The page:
Holy the Firm   Annie Dillard | Harper Colophon  1984

A Cat – Leonard Michaels

A cat is not owned by anybody. Leonard Michael writes a meditation on felines that is as gorgeous and full of mystery as–a cat. Not surprisingly, the book of wonderful line drawings and short reflections is called A Cat. If you have ever been privileged to reside in the same space as one of these rare creatures you would appreciate the attempt to capture the essence of cat on paper, in ink. No one can actually do that, but Leonard comes close. It’s clear he has been intimately acquainted with a cat or two.

A cat weighs about as much as a baby, and it sleeps most of the day; but if a cat were fifteen pounds heavier, it wouldn’t seem cute, and it could tear your throat out.

A cat doesn’t look at itself when you hold it up to a mirror. It acts as if nothing appeared in the glass. That’s because a cat believes it is invisible. A cat has to believe this because, when stalking, it has to be invisible in the eyes of its prey. To be a cat, you must be invisible and very real at the same time. Worshippers believe this of God.

When a cat shuts its eyes, you disappear.

Dogs tend to look like their masters, but this is never true of a cat. A cat is a highly particular creature.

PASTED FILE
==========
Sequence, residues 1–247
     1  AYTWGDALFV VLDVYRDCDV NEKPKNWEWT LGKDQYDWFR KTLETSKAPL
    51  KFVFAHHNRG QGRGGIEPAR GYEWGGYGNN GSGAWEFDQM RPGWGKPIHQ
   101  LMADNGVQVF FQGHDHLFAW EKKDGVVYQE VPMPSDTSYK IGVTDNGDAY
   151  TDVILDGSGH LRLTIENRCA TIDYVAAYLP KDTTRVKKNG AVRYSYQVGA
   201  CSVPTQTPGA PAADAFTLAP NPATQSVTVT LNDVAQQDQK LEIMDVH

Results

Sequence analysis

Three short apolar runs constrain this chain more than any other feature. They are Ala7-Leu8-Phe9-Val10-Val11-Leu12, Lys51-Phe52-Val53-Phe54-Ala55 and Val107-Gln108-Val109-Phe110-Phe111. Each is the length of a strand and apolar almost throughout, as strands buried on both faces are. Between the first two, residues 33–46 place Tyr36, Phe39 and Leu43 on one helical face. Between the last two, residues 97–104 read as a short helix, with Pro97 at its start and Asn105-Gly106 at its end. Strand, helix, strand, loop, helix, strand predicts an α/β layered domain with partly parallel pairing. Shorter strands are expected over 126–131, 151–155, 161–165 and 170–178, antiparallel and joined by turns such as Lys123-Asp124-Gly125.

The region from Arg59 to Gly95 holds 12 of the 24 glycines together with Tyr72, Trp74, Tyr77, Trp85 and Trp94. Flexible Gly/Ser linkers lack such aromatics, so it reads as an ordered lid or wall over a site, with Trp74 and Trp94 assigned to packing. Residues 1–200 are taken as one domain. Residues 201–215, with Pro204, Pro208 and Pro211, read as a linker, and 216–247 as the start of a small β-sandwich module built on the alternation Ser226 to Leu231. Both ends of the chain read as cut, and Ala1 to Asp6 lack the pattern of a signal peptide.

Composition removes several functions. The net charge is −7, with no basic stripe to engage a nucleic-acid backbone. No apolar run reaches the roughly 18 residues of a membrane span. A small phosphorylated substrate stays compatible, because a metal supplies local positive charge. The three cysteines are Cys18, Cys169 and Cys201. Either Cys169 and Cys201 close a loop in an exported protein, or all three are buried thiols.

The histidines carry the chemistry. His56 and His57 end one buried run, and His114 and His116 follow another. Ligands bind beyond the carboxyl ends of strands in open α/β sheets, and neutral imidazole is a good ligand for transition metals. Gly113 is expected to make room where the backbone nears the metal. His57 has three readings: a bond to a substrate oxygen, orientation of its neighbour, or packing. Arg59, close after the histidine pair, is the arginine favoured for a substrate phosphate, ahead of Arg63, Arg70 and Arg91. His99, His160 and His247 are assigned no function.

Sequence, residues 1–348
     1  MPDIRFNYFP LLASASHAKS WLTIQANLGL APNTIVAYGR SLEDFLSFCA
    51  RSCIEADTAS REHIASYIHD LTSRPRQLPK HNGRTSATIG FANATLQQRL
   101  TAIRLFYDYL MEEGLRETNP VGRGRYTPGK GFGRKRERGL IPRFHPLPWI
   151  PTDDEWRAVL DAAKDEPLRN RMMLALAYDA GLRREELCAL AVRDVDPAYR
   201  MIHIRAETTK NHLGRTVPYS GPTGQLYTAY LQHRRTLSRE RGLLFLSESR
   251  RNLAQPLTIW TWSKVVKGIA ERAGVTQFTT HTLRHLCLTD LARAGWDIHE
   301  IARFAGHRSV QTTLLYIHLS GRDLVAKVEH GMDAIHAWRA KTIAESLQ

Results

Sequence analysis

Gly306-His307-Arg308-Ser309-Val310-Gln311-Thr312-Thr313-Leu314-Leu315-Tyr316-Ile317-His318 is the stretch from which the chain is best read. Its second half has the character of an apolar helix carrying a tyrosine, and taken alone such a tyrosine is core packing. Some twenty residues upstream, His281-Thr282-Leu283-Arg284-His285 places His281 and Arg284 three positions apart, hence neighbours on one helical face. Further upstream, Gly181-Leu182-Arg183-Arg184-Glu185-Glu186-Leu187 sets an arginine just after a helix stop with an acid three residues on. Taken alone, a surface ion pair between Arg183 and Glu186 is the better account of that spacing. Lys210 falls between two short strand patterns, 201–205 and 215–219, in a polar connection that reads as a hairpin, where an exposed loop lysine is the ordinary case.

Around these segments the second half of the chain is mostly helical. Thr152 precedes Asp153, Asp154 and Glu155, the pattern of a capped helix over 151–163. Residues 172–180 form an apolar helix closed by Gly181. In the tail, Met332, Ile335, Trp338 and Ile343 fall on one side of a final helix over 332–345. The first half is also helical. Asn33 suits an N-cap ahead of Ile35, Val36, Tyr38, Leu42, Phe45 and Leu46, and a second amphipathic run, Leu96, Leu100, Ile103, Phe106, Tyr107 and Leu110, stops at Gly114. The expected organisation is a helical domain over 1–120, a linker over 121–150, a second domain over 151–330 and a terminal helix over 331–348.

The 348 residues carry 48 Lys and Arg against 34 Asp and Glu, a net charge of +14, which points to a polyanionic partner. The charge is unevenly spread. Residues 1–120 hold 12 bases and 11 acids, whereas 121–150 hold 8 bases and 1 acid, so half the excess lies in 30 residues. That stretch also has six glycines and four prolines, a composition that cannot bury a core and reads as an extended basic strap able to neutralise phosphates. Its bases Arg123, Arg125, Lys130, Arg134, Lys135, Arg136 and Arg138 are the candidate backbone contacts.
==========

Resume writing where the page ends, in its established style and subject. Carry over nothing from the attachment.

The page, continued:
Dogs, birds and ferrets can be trained to hunt. A cat refuses to be trained. Superb hunter, it will not enslave its genius for a person. However, if a cat loves you, it may bring you a kill, warm and bleeding, and drop it on the living room rug where you can’t fail to see it, or drop it beside your bedroom slippers so that, first thing in the morning, you can step on it. A cat’s gift–warm, soft, wet kiss against the bottom of your naked foot–leaves a red blotch, like lipstick.

I lived with two spectacular cats for nearly 21 years. They were fabulous, photogenic, affectionate, jealous, graceful, clunky, playful and brilliant. One could fly and she taught me several games she liked to play. One was a puddle of affection and loved to sleep curled up on my laptop. I had no idea about cats until they took over my life. Now we have an amazing and shockingly adorable rabbit. He lives in a dollhouse. He is very aware of his status as prey. Anxiety is a palpable thing for him. He is so covered in fluff that I doubt a predator could even figure out what he was or how to stalk him. Nevertheless, we will not be opening the door to any more cats out of respect for his personal views. He does resemble one of our cats, though, in physical attributes and a certain quizzical look now and again. And he runs the house, a very cat-like quality.

A Cat   Leonard Michaels | Riverhead Books   1995

The Art of Fiction – David Lodge

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David Lodge collected a series of newspaper columns and embellished them–restoring the edited-for-length bits–to make this exploration of how fiction is constructed. As a writer, I find The Art of Fiction fascinating, if somewhat frustrating. There’s a little bit of everything in it: beginnings, point of view, time shift, showing and telling, stream of consciousness, epistolary novels, magic realism, weather, comic novels, different voices, suspense, surrealism, narrative structure, unreliable narrators, symbolism–a long list. There’s even a chapter about lists.